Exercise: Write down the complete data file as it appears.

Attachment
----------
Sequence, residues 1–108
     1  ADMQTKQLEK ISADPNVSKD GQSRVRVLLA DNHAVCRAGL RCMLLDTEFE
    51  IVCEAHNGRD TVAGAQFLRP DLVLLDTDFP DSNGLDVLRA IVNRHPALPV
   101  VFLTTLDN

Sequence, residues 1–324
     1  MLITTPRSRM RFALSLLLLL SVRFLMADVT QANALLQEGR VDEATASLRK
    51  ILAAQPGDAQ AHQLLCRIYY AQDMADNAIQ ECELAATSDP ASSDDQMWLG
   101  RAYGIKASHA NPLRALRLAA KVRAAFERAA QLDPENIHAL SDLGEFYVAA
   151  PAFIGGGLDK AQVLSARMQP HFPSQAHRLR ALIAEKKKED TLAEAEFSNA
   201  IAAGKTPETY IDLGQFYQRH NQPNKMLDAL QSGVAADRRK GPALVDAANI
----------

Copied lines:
Sequence, residues 1–108
     1  ADMQTKQLEK ISADPNVSKD GQSRVRVLLA DNHAVCRAGL RCMLLDTEFE
    51  IVCEAHNGRD TVAGAQFLRP DLVLLDTDFP DSNGLDVLRA IVNRHPALPV
   101  VFLTTLDN

Sequence, residues 1–324
     1  MLITTPRSRM RFALSLLLLL SVRFLMADVT QANALLQEGR VDEATASLRK
    51  ILAAQPGDAQ AHQLLCRIYY AQDMADNAIQ ECELAATSDP ASSDDQMWLG
   101  RAYGIKASHA NPLRALRLAA KVRAAFERAA QLDPENIHAL SDLGEFYVAA
   151  PAFIGGGLDK AQVLSARMQP HFPSQAHRLR ALIAEKKKED TLAEAEFSNA
   201  IAAGKTPETY IDLGQFYQRH NQPNKMLDAL QSGVAADRRK GPALVDAANI